The above described is what is known as the pre-litigation phase.
Phase 1: Pre-litigation
During this pre-litigation phase there is almost no time investment in the case on your part. Your sole obligation is to treat with your doctors and heal as well as you can. During this pre-litigation phase, up until the doctor releases you from care, you can expect the following. You and I will conference on a regular basis. I will review and analyze your medical records. I do both of the above to make sure the doctors are addressing all of your needs and concerns.
Once the doctor releases you and says you can return to him on an as needed basis, I will talk to you about whether you agree with his assessment. If you do not, we will send you to other doctors and get second and even third opinions if necessary. However, if you agree with the doctor, I then gather and consolidate all the records and bills and prepare a settlement demand.
A settlement demand is not simply the presentation of a number to the adjuster. Rather, it is a carefully crafted document with a number of attachments and exhibits including medical records, medical bills, incident reports, pictures of the scene, pictures of the damage, etc. It addresses your damages both economic and noneconomic.
I draft this with your input and you and I review. Upon your approval I submit this to the claims adjuster. Upon receipt, the claims adjuster then has 30 days to respond with an offer. Almost certainly, the settlement offer we receive will be unacceptable. As such, we begin the process of negotiation- going back and forth with demands, counter demands, offers, and counter offers. Sadly, it is much like buying a car- with your case being the car.
From the time the demand package is sent to the adjuster until the negotiations are completed, it usually takes about 60 days. If the negotiations are successful and the parties agree to settle, the claims adjuster will send a release and a check to complete the process. This will take approximately 15 days.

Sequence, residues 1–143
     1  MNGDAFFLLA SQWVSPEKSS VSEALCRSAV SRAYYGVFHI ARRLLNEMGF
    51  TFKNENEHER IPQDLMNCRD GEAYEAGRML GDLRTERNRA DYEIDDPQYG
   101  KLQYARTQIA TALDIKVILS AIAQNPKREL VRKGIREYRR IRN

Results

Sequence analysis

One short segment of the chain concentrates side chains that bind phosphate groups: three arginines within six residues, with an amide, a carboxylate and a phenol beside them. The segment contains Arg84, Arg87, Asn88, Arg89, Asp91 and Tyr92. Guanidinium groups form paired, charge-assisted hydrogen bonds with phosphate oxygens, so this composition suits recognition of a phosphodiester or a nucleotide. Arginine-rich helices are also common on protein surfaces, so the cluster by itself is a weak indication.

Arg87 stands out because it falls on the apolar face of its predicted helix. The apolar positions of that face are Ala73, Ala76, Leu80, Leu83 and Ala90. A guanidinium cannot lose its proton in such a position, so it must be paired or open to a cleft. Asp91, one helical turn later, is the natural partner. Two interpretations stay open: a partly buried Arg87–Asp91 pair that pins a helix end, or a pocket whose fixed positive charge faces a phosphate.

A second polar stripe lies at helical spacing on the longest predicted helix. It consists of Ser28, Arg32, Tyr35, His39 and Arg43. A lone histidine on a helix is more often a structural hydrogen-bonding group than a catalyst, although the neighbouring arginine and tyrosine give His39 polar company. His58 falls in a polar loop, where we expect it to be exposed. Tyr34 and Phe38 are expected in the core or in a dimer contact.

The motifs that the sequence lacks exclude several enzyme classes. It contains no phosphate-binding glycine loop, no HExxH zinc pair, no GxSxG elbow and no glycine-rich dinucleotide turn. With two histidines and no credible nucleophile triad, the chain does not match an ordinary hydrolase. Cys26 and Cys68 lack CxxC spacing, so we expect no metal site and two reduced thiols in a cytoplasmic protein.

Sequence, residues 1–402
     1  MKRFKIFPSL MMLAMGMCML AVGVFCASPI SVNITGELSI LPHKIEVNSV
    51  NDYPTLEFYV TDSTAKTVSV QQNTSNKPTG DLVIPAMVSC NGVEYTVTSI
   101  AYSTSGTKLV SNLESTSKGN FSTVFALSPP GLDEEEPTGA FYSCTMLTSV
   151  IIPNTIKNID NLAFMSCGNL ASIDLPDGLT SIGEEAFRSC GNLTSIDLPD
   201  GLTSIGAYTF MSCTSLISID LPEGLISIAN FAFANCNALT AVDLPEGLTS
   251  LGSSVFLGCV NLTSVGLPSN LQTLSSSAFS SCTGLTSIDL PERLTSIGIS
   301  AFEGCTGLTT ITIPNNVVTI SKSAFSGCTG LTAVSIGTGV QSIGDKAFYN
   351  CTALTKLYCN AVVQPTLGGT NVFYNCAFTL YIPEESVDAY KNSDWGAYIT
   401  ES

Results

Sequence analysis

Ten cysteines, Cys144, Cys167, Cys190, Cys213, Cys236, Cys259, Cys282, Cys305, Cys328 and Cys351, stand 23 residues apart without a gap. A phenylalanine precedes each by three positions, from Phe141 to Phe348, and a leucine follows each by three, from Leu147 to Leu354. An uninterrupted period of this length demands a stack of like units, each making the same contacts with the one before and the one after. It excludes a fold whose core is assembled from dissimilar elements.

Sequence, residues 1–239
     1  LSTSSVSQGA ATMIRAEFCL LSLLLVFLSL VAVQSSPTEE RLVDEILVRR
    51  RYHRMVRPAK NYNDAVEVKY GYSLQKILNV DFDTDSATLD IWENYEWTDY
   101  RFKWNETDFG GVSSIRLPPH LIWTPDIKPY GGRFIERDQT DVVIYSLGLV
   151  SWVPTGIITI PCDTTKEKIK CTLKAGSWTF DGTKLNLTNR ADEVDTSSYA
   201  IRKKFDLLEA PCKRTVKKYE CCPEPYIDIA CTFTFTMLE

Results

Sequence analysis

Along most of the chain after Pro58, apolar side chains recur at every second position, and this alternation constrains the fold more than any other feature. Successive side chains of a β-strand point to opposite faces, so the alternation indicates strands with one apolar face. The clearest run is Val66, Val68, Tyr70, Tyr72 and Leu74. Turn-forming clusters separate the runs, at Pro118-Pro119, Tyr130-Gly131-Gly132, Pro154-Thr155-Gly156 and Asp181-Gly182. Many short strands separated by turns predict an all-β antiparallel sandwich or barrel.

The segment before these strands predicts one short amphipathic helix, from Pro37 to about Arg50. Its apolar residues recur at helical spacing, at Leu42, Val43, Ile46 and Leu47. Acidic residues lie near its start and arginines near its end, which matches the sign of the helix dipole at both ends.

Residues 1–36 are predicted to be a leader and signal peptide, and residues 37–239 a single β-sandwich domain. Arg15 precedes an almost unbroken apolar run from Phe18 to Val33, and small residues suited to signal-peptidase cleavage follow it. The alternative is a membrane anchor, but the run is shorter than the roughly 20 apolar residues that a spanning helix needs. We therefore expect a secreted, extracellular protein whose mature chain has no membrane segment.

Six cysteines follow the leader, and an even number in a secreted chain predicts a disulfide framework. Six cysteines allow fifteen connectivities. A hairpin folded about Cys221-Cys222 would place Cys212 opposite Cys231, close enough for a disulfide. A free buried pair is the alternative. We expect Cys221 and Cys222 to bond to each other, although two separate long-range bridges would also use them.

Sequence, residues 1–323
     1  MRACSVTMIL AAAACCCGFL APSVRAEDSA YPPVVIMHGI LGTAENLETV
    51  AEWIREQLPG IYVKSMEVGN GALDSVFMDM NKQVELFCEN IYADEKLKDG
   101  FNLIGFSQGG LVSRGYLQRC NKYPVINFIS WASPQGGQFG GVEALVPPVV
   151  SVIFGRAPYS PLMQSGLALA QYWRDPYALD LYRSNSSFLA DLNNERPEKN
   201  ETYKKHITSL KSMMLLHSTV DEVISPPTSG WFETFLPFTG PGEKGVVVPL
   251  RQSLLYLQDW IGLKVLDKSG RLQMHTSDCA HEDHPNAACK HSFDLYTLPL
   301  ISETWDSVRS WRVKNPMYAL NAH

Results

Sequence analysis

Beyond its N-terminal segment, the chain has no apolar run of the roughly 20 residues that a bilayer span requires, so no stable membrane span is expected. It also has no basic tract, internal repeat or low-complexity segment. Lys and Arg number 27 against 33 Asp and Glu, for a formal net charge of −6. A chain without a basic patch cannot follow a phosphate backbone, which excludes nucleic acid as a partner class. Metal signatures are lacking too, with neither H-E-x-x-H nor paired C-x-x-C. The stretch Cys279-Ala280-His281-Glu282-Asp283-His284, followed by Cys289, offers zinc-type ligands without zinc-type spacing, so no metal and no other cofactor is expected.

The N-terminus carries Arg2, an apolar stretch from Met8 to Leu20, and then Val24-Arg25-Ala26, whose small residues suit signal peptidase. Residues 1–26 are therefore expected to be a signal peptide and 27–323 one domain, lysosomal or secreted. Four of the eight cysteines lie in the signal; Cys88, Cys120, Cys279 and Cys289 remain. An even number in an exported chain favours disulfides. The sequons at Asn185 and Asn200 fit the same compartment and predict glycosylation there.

As such, in a case it runs very smoothly and routinely, as you can see from above, we are looking at a process that takes approximately 8 months.
Time: Less than a year. Most of the time spent during this phase is on medical treatment, consulting with an attorney and gathering medical records.
Money: Less than $500, for attorney consultations and medical records requests.
Phase 2: Litigation
Unfortunately, the vast majority of cases do not proceed in this organized fashion. Either you do not reach maximum medical improvement within the relatively short time referenced above, you do reach maximum medical improvement but we do not see eye to eye with the claims adjuster on the value of the case, or the defendant/insurance claims adjuster refuses to take responsibility for their negligence. If this occurs, we file a lawsuit.
We do this because, in Tennessee, the statute of limitations is one year. This means you have one year from the date of the accident to either settle your case or file a lawsuit. If you fail to do so, your claim will be barred.
In the event we are forced to file a lawsuit, that is, we cannot resolve it through initial negotiations, you enter into the litigation phase. The following is designed to help you understand what transpires at this part of the case.